UFC Owner Endeavor Sees Sports Revenue Surge 19% to $353 Million
Endeavor Group Holdings, the diversified media operation run by Ari Emanuel, reported net income of $36.3 million or 3 cents per share on revenue of $1.597 billion for its first quarter of 2023 Tuesday. Analysts surveyed by Zacks Investment Research were expecting earnings per share of 33 cents on revenue of $1.59 billion.
In its Owned Sports Properties segment, which includes the UFC mixed martial-arts franchise, revenue climbed 19.1% year over year to $353.3 million, with growth primarily driven by an increase in media rights fees, sponsorships, commercial pay-per-view and event-related revenue at UFC. An additional pay-per-view event in the quarter as well as more live-audience events helped spur growth, as did increased ticket sales at Professional Bull Riders. The segment’s adjusted EBITDA increased 24.8% year over year to $185.7 million.
“This quarter, we continued to deliver solid results and set a number of financial and attendance records
across our owned sports properties and marquee events,” Endeavor CEO Ari Emanuel said in a statement.
The sports segment’s performance in the latest quarterly results comes after Endeavor announced in April that it would merge the Ultimate Fighting Championship with Worldwide Wrestling Entertainment to create a $21.4 billion live sports and entertainment company. The deal, which was unanimously approved by Endeavor’s and WWE’s boards of directors, values UFC at $12.1 billion and WWE at $9.3 billion. It is expected to close in the second half of 2023.
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In Endeavor’s Events, Experiences & Rights segment, revenue grew 2.5% year over year to $800.8 million, with growth primarily driven by record attendance and sponsorship at the Miami Open and growth at IMG Academy, as well as the addition this quarter of Barrett-Jackson, which was acquired in August 2022. Growth was partially offset by the discontinuation of On Location’s music festival business in Mexico, which accounted for $75 million in the prior-year quarter. The segment’s adjusted EBITDA was $108 million, down 14.3% year over year.
In the Representation segment, revenue fell 2% year over year to $350.2 million. Adjusted EBITDA for the segment fell 17.2% year over year to $84.2 million.
In the Sports Data & Technology segment, revenue surged 123.9% year over year to $100.9 million, with growth driven by the addition of OpenBet, which was acquired in September 2022, as well as growth at IMG Arena. However, the segment’s adjusted EBITDA fell 31% year over year to $4.5 million, due to “certain costs at IMG Arena incurred in advance of the sales cycle.”
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In addition to the WWE-UFC merger, Endeavor is also selling global sports education institution IMG Academy to BPEA EQT, a unit of private equity firm EQT, in an all-cash deal valued at $1.25 billion. The transaction, which is expected to close in the third quarter of 2023, will see IMG Academy partner with BPEA EQT’s portfolio company Nord Anglia Education, which operates some of the world’s leading premium international schools.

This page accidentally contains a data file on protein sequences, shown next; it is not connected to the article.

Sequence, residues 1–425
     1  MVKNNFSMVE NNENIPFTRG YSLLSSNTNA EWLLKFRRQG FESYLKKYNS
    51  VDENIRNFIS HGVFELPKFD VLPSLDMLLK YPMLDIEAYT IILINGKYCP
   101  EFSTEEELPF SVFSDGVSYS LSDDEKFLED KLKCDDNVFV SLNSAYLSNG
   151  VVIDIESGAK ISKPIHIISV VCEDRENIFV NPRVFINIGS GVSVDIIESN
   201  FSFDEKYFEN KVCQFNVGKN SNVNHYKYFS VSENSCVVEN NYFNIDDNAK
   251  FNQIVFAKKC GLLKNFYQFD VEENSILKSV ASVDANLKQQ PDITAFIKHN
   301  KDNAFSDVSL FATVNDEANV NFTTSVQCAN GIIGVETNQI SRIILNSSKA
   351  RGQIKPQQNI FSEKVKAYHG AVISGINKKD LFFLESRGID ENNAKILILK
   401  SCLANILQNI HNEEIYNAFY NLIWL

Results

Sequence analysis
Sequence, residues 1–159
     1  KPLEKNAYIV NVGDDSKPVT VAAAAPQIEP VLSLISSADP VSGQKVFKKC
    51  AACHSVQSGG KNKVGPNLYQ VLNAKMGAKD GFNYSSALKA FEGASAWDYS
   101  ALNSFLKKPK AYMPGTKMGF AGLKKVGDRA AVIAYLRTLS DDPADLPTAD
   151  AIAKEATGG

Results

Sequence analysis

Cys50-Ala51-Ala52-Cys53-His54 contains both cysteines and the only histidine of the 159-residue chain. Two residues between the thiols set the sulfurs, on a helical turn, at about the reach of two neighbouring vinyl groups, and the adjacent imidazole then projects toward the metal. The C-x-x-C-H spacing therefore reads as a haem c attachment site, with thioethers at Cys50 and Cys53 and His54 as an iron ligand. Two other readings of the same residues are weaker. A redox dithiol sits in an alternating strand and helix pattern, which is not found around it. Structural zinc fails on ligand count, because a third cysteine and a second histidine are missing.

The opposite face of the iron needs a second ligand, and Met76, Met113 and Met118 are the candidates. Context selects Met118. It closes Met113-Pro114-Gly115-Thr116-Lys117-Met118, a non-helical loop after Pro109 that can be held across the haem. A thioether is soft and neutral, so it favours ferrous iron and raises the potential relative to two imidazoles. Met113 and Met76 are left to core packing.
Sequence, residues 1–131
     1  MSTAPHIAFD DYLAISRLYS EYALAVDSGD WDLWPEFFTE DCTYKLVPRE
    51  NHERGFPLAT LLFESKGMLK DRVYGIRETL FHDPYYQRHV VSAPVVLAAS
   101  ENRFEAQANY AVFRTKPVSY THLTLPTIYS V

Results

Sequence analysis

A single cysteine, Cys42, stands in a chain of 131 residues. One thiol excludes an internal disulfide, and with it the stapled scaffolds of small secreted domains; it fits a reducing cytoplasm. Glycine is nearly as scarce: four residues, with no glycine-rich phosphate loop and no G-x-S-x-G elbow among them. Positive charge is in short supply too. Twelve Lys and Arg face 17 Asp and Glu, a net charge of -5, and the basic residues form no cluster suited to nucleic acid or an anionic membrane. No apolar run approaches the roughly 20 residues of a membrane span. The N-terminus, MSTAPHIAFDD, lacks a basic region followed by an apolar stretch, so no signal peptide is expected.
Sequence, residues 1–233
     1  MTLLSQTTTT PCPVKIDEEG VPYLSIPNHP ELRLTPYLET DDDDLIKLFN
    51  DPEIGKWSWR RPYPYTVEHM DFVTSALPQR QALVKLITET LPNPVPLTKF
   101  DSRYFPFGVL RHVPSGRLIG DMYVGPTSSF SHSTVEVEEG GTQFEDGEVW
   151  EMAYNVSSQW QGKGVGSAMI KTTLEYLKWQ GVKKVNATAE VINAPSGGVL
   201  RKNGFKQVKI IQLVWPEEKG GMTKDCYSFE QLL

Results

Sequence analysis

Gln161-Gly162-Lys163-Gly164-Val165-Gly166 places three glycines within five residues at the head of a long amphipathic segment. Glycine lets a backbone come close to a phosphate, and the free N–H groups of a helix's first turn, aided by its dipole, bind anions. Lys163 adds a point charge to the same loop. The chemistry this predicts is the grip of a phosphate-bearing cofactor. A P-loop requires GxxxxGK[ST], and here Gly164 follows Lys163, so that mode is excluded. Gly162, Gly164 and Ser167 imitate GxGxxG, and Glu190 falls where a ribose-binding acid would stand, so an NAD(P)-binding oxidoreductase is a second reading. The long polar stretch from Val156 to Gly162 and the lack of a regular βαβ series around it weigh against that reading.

Upon close of the sale of IMG Academy, Endeavor expects to begin a share repurchase of up to $300 million and pay down an additional $50 million of debt. As of March 31, Endeavor’s cash and cash equivalents totaled $718.7 million while its debt totaled $5.151 billion, compared to $767.8 million and $5.169 billion, respectively, as of December 31.
It also expects to start making quarterly cash dividends of up to $25 million. Endeavor expects to declare and pay the first dividend in the third quarter of 2023.
“Our agreement to sell IMG Academy, together with the planned share repurchase and quarterly dividend announced today, are strong examples of our commitment to maximizing return for our shareholders,” Emanuel said. “We are excited about the unique opportunity the proposed combination of UFC and WWE presents, and remain focused on durable growth as we continue to execute our successful strategy in content and experiences.”
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Looking ahead, the company expects full year 2023 revenue to be in the range of $5.665 billion to $5.815 billion and adjusted EBITDA to be in the range of $1.22 billion and $1.275 billion. The updated guidance primarily reflects the expected sale of IMG Academy.
“Our updated guidance does not include any potential impact from the writers’ strike and the scope and duration of the strike are currently unknown,” chief financial officer Jason Lublin told analysts during the company’s earnings call. He added that Endeavor is monitoring the strike and plans to incorporate its impact into the company’s guidance for the second quarter.
Emanuel noted that Endeavor supports and remains in conversations with its clients impacted by the strike. The company plans to leverage its unscripted programming as well as its backlog of scripted programming. Depending on the duration of the strike, it may also bring some international shows to the United States.
“While the writers’ strike is likely to have an impact on our representation segment if it carries on for any great length, the depth of that impact will be determined by several factors that we will quantify over the term of the work stoppage,” he added. “Given the diversification of Endeavor, we remain well positioned to continue capitalizing on the most resilient secular trends, benefiting premium content and live events.”
Additionally, the company has pulled free cash flow guidance for the remainder of 2023 due to uncertainty related to the closing of the UFC-WWE and IMG transactions. Endeavor shares popped 3% in after-hours trading following the earnings announcement.
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